Founder of first megachurch in Singapore dies in Brazil car crash

The Reverend Rick Seaward was killed instantly when his car crashed into another on a highway in Três Pontas, a municipality in southern Minas Gerais state.
The Reverend Rick Seaward was killed instantly when his car crashed into another on a highway in Três Pontas, a municipality in southern Minas Gerais state.PHOTO: FACEBOOK/VICTORY FAMILY CENTRE SINGAPORE

SINGAPORE - A prominent figure in the Christian community and founder of Singapore's first megachurch, Victory Family Centre, formerly known as Calvary Charismatic Centre, died in a car accident in Brazil on Saturday (March 24). He was 63.

The Reverend Rick Seaward was killed instantly when his car crashed into another on the MG-167 highway in Três Pontas, a municipality in southern Minas Gerais state, according to local media.

Photos in local media showed Rev Seaward's car with its front crumpled following the crash, and its windscreen shattered. Reports said the fire department had to extricate the body from the mangled vehicle.

The other driver sustained minor injuries.

A Victory Family Centre spokesman told The Straits Times that Rev Seaward spearheaded the Love East Timor initiative in 2004, aimed at unifying churches here to transform the then-newly independent Timor Leste. Clinics, schools, training centres and community projects were built in villages in every province, and the work is still ongoing today.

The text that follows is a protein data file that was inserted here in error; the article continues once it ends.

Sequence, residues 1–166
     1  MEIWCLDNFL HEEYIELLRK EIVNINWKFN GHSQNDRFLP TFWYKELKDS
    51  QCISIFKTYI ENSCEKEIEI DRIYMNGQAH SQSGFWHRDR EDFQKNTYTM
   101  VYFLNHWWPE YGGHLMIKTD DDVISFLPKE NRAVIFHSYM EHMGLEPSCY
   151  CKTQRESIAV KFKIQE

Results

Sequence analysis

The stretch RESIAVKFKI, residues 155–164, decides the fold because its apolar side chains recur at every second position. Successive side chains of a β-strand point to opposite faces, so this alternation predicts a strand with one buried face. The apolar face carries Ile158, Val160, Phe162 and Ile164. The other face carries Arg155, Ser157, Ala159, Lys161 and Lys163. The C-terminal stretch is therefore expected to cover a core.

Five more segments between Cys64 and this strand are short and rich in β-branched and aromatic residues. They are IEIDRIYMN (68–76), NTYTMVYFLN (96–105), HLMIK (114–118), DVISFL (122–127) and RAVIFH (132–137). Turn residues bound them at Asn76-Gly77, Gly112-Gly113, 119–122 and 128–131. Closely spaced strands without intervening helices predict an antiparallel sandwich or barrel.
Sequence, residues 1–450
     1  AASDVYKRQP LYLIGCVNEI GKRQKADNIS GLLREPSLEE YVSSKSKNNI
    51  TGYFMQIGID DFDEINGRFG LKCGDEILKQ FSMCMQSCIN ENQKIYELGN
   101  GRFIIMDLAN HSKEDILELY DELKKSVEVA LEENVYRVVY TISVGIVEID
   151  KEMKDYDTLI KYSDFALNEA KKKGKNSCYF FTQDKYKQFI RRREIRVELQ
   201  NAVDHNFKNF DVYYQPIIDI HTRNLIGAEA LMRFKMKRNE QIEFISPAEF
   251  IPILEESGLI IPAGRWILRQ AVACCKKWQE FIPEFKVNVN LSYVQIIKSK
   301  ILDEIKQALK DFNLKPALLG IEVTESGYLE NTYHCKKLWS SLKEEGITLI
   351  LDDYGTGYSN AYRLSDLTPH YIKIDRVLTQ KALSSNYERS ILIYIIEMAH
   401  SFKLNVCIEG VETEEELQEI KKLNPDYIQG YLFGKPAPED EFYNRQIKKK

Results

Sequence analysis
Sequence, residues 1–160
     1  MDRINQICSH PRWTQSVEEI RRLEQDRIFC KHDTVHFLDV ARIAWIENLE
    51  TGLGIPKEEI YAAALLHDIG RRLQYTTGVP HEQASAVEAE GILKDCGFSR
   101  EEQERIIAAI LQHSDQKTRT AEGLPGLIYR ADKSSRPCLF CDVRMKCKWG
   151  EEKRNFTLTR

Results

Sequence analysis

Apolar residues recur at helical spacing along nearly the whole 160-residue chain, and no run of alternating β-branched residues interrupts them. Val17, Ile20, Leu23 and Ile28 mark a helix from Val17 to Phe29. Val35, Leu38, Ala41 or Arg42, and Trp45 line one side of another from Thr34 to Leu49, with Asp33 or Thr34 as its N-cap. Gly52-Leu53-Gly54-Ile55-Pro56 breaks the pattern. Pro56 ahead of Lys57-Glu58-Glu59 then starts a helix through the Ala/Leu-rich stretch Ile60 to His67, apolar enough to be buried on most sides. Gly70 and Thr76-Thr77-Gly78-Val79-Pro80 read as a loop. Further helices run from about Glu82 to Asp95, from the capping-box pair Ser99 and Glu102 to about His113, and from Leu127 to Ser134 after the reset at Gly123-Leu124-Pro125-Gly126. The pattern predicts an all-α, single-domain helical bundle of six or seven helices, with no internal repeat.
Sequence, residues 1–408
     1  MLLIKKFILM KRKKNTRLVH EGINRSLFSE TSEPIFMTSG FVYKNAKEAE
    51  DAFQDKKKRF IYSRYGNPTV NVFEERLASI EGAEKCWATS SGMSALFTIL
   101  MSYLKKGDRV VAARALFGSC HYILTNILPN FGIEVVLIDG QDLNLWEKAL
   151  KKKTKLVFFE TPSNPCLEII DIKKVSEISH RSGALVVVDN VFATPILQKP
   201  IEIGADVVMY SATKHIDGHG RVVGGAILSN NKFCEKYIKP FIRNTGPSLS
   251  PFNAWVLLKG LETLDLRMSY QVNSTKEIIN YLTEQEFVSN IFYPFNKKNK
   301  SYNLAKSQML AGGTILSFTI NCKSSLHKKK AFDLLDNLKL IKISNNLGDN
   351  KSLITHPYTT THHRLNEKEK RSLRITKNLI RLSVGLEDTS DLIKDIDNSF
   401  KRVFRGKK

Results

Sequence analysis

Back home, Rev Seaward launched the Banquet of Honour in 2008, an annual event to honour blue-collared foreign workers from India, Bangladesh, China, Thailand, Myanmar, Indonesia, Sri Lanka, and the Philippines.

The Victory Family Centre has seven locations across the island, according to its website.

According to Pastor Gabriel Han, Senior Overseer of Victory Family Centre, it has more than 10,000 churches in over 93 nations worldwide. This includes places such as Uganda, Timor Leste and Brazil.

Rev Seaward was born and raised in Singapore and is survived by his wife and two sons. His son, Jeremy, is the lead pastor at Victory Family Centre.

Mr Seaward, in a brief posting on his Facebook page, said that he was "still in shock".

He added: "My dad's brief moments on earth left a legacy for eternity and I am grateful to have had him in my life."

National Council of Churches Singapore (NCCS) president, Anglican Bishop Rennis Ponniah, told The Straits Times that Rev Seaward had a big impact in encouraging the Church in Singapore to spread the faith, particularly to South-east and East Asian countries.

Rev Seaward was involved in a controversy in 1986 when he and other pastors called for the sharing of the Christian faith to all Singaporeans.

He was also convicted in July 1992 of conspiring to cheat Hong Leong Finance between February and March 1987 over the hire-purchase financing of US$66,937 worth of audio and musical equipment

In mitigation, his Queen's Counsel had urged the court to consider three factors including how the offence was technical rather than a real offence of dishonesty, and his work for the community.

Additional reporting by Tan Tam Mei